-Sea Lions are huge. Seriously. You know that because they’re an apex predator and they have “lion” right in their name, but when you seem them up close it’s sort of eye-popping how large and graceful they are. They also make a noise that’s kind of a bark-y roar-y sound.

-Bats can be beautiful. People think of bats as being creepy (like Dracula) or kind of dark and badass (like Batman) but one doesn’t really think of them as beautiful. But they are. Bats don’t glide- they are the only mammal to truly fly, and they do it well. Their movement is graceful and precise, and they are every bit as inspiring as birds.

Baby elephants are cute. If you don’t think so, then you are probably one of those serial killers who physically lacks a sense of empathy.

-Everybody poops. In The Unbearable Lightness of Being Milan Kundera famously characterized kitsch as the denial of shit. If that’s the case, than the zoo is one of the least kitschy places one can visit, as the reality of excrement is vividly apparent. But that’s okay! Pooping does not make you less cool. Everyone does it. Even awesome animals like rhinos.

-Naked mole rats are actually quite small. They are more like naked mole mice.

-There’s a species of gazelle that eats vegetation while standing on its hind legs. It’s called a gerenuk and it’s really weird to watch it not fall over.

-Male lions are not actually all that king-of-beast-y. They don’t really hunt (the lionesses do) and they sleep a lot. Nevertheless, we got to see a male sitting on a rock with his mane blowing in the wind looking all Lion King and stuff. It was cool. Lions at least get style points.

-Bald eagles like fish. We saw America’s national bird with a fish in its talons tearing it apart with its beak. It was amazing to watch such an up-close example of predation, and it also made me happy that Benjamin Franklin didn’t get his way about making the turkey our national symbol.

-African wild dogs have adorable ears. They’re big and fuzzy.

-Mammals are awesome. They can do all kinds of things. Water stuff? We have sea lions, otters, and polar bears. Flying stuff? All kinds of bats. Climbing stuff? Check out those monkeys. Running stuff? You can’t beat the cheetah. Digging stuff? Naked mole rats, actual moles, and various rabbits have that covered. Mammals are amazing in their diversity and complexity. They’re like a G.I. Joe team where all the members have a niche that they’re good at. I’m proud to be a mammal. It’s good company.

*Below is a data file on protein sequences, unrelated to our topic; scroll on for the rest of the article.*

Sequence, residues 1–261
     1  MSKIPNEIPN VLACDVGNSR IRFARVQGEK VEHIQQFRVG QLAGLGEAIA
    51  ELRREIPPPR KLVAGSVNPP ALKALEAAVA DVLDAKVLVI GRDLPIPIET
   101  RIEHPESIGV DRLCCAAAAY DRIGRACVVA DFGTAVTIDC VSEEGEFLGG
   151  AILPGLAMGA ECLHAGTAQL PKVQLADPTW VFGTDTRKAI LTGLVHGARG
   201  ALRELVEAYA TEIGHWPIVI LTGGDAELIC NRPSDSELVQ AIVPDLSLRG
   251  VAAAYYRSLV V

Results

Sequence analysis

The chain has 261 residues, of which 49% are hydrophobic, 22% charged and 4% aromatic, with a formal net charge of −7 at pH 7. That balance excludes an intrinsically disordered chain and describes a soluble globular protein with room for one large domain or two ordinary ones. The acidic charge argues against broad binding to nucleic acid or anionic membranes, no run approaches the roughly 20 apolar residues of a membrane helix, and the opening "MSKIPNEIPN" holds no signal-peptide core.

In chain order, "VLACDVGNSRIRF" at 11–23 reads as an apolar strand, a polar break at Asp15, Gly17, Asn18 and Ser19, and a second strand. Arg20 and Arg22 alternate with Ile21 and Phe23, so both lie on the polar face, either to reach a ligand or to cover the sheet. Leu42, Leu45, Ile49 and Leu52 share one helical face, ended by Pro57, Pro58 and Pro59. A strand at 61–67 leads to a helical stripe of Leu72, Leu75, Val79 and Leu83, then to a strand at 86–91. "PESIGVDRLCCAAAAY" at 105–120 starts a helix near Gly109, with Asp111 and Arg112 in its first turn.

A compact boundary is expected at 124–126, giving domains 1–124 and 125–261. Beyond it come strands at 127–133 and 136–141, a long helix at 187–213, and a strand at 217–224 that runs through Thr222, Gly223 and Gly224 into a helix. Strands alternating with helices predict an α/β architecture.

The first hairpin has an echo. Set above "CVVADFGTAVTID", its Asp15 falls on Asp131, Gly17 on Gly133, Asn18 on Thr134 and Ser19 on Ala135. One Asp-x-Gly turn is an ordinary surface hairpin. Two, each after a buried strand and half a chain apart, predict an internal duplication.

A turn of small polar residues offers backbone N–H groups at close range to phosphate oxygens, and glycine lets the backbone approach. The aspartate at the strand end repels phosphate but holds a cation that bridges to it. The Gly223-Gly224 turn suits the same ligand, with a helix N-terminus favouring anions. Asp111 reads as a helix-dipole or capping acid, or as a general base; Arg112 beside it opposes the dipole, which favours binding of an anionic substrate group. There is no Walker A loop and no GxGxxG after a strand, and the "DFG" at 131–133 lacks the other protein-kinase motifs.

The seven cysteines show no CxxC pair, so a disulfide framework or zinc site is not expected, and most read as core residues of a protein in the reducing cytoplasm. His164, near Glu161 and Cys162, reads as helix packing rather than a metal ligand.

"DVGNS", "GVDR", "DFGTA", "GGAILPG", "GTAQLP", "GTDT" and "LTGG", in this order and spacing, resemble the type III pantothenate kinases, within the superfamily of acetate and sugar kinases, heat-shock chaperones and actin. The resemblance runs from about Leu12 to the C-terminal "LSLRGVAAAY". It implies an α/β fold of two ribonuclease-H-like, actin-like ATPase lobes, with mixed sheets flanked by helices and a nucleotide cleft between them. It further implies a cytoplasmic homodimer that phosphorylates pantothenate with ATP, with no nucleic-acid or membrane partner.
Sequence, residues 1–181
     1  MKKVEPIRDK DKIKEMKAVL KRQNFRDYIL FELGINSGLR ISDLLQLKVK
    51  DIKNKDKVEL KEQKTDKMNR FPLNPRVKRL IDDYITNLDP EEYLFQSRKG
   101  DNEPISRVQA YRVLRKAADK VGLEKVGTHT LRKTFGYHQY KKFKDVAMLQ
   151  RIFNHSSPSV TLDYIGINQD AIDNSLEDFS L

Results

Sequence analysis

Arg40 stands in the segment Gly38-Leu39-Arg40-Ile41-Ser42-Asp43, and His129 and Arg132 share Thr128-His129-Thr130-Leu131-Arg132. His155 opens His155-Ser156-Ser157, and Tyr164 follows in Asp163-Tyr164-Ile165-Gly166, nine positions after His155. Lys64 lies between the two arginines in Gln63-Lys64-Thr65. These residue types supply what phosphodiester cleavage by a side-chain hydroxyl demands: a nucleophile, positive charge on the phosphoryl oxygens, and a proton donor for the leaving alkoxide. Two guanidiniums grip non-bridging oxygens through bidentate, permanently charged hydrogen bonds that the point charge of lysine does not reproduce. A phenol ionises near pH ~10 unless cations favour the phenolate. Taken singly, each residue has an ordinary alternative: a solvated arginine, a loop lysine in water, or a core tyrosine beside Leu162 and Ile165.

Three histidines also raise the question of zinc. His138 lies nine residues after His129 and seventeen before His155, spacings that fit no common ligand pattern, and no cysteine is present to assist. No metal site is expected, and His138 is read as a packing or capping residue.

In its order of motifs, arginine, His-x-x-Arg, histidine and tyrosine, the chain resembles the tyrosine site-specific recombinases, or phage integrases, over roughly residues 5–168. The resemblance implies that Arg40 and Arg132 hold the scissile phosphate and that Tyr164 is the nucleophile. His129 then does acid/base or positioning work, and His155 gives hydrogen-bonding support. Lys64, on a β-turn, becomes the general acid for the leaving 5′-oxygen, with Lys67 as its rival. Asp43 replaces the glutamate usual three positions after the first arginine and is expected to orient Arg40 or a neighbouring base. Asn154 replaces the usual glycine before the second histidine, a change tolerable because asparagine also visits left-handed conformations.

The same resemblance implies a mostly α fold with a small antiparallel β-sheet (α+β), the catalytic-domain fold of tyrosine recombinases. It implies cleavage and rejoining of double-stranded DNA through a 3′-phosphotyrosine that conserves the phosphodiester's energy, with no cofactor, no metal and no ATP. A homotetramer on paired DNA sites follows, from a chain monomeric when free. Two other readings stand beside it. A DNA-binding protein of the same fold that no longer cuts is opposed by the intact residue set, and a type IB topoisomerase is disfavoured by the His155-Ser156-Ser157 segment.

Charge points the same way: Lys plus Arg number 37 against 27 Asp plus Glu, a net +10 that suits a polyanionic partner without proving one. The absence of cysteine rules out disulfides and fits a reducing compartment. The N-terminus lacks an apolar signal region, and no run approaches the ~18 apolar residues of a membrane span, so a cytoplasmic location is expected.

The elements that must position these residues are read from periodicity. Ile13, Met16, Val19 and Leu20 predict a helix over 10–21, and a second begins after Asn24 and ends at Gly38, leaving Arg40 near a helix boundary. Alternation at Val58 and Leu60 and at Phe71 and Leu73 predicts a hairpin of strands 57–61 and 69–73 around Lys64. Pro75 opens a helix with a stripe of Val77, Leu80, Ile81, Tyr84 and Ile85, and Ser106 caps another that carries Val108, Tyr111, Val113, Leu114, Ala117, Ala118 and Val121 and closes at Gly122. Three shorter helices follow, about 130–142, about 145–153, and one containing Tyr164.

-Hippos are something you should fear. They might seem all big and cute, but really they are gigantic bags of pure anger.

Caracals are one of my new favorite cat types. They have tufts on their ears and can jump really high to hunt birds.

And lastly,

-We live in an extraordinary world. It’s a world filled with monkeys and tigers and iridescent birds. It’s mind boggling, diverse, and wonderful. Nature should hold you in stunned awe. Evolution has given us millions upon millions of co-residents of Earth, and seeing even a tiny sampling of them can make for an extraordinary afternoon.

In Which I Finally Watch Requiem For a Dream

Requiem_for_a_dreamLast night, recovering from a nasty week of being sick, I stayed in my apartment and watched Requiem For a Dream. I’d never seen it, and it’s been on my to watch list ever since I’d seen Aronofsky’s (utterly hilarious) Black Swan. I didn’t know anything about the movie, other than it was about drugs and that Jennifer Connelly was in it. Having seen Aronofsky’s goofy Pi and chuckle-inducing Black Swan, I expected Requiem to be as broad and silly as his other work. It wasn’t. Not really. Requiem For a Dream is almost, but not quite, camp or exploitation. It goes up to the line, but doesn’t cross.

Spoilers for a twelve year old movie ahead.

Aronofsky can’t resist the building blocks and stylistic flourishes of camp. Requiem For a Dream abounds with fast edits, sped up footage, slowed down footage, fish-eye lenses, high emotions, exploitation, and a even a little bit of speechifying. Several of the scenes scenes involving hallucinations veer almost into the comical- a refrigerator opens to reveal several jagged teeth, a character imagines watching herself on television, and people jump from a television set and into a living room. There’s also a dumb scene with an imaginary pie. At the end of the movie, the four main characters, all drug users, meet grisly fates worthy of an after school special. One is jailed, one is in a psychiatric ward, one becomes a prostitute and another gets his arm sawed off. Say no to drugs, kids. You’ll become a crazy one-armed hooker, and then you’ll go to jail.